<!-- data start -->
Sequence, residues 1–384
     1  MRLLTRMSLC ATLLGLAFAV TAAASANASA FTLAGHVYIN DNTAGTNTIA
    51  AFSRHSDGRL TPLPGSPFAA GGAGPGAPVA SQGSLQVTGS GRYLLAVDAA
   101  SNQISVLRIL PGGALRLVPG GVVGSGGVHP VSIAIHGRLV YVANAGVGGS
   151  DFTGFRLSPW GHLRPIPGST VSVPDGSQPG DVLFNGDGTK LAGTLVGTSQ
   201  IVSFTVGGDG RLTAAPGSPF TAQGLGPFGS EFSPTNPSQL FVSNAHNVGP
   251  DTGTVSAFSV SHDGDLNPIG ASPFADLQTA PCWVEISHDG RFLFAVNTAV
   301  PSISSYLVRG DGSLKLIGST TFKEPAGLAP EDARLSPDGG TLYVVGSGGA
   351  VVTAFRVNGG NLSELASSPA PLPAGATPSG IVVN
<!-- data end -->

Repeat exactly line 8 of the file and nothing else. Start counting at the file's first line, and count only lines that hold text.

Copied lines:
   301  PSISSYLVRG DGSLKLIGST TFKEPAGLAP EDARLSPDGG TLYVVGSGGA